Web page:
Saturday, November 7, 2009

To sing or not to sing?

Its funny season again in Indian politics. The latest controversy to preoccupy our television media is the fatwa issued by the Jamiat-e-Ulema-e-Hind against the national song, Vande Mataram. The resolution asking Muslims not to sing the national song was passed at the national convention of the Jamiat, one of the largest groups of Muslim clerics in India, held at Darul Uloom Deoband, one the largest Muslim seminaries in South Asia. It was attended by Home Minister P Chidambaram. Now this is the kind of news that makes the nearly down and out BJP drool in anticipation. The BJP has condemned 2 different aspects of this bit of news. Obviously they have taken issue with the JEU for issuing the fatwa. And they are probably rubbing their hands in glee that no less than the Home Minister was at this convention. Mr Chidambaram has of course since distanced himself from the fatwa. The JEU however have taken refuge in the Constitution and the freedom of religious expression provided to every Indian therein. “Some of its lines are of course against the religious principles of Islam. We cannot bow before anybody other than the Allah. It is un-Islamic”, said Moulana Muizuddin of the Jamiat.

Written by Bankimchandra Chattopadhyay in response to the British Government making the singing of God Save the Queen compulsory, Vande Mataram was so successful in inspiring freedom fighters at the time, that the British at one time banned the utterance of the cry in public forums. The song, in its later stanzas, compares Mother India to Goddess Durga and therefore was unacceptable as the National Anthem to some of India’s more orthodox Muslims. So as a concession, Jana Gana Mana was adopted as the National Anthem and only the 1st two stanzas of Vande Mataram which describe the beauty of India, was adopted as the National Song. The idea of a National Song or National Anthem or any of our other symbols of nationalism is to inspire pride and patriotism in our citizens. And as a nation we need as many proud and patriotic Indians as we can inspire. Given the historical import of the Vande Mataram and its role in our freedom struggle and the concessions that have already been made to Muslim sensitivities, I’m not really sure what the JEU was taking exception to. The Constitution guarantees freedom of religious expression to all citizens of India, a right that reflects the secular intentions of the people who framed it and the greatness of the Indian nation. Vande Mataram sings paeans to that greatness. To refuse to sing that song because it invites you to pay respects to Mother India, is the worst kind of narrow minded communalist sentiment. And to call this song un-Islamic is, in my view at least, anti-Indian.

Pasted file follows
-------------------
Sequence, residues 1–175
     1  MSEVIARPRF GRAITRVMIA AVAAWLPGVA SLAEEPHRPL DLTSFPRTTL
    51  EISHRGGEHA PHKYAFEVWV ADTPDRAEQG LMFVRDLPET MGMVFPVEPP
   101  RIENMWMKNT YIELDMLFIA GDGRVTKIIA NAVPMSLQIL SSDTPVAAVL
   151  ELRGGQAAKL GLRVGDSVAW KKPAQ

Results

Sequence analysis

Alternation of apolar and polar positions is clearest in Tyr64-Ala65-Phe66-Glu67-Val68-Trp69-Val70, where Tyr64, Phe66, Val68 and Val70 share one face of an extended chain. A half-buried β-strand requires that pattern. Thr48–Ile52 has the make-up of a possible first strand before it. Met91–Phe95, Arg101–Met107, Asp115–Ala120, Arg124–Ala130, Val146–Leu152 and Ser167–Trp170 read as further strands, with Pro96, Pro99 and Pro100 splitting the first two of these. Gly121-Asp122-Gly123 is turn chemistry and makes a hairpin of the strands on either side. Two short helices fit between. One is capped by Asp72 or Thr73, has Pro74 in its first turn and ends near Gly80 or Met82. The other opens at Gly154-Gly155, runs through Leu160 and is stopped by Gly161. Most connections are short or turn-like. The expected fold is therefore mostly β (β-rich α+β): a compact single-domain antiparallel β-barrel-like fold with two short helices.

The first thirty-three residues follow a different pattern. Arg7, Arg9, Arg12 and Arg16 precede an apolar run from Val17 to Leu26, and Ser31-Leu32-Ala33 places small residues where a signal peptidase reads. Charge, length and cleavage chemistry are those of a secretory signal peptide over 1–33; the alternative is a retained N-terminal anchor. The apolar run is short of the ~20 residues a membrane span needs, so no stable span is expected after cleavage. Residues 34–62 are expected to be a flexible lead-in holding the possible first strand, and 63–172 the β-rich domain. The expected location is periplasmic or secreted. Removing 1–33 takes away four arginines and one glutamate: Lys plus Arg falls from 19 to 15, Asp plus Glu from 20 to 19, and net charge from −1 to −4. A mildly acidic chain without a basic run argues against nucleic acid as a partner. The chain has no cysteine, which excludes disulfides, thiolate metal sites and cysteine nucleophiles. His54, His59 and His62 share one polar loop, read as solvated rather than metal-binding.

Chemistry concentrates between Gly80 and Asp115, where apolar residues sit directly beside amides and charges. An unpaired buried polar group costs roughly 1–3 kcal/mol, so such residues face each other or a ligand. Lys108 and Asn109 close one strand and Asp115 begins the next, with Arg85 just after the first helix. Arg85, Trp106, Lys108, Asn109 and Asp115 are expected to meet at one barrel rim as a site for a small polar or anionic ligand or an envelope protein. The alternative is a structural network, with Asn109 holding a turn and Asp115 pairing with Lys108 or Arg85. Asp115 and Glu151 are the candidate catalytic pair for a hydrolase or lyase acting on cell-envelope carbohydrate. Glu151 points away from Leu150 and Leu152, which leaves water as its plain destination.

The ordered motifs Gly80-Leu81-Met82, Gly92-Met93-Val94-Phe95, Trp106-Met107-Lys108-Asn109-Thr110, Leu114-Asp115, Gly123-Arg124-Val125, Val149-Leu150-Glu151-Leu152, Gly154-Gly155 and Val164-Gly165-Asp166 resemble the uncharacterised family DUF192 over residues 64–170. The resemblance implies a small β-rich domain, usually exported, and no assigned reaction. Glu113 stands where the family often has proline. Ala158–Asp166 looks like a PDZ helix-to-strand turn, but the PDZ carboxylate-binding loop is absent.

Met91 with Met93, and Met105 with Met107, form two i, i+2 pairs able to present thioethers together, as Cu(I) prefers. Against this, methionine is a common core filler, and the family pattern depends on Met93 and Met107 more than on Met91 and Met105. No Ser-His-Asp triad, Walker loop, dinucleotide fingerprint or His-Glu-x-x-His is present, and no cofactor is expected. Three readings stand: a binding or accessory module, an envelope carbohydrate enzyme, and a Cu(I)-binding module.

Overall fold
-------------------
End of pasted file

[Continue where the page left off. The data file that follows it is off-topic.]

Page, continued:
Now it’s a whole different story if, as BJP governments in the past have done, someone makes the singing of Vande Mataram compulsory. The whole idea of being a democracy is that one has the freedom to do or not do what one chooses as long as it stays within the limits of the law and does not impinge on one’s neighbour’s freedoms. I don’t think the singing of the national song should be made compulsory just as I don’t think a fatwa should be issued advising Indian Muslims that Vande Mataram is un-Islamic. Its offensive to the sensibilities of a large number of people who prefer to see themselves as Indians first. Javed Akhtar put it best when he said he would not sing a single verse of the song if the BJP made it compulsory but would publicly sing the whole song including its un-Islamic later verses if a fatwa is issued against it.

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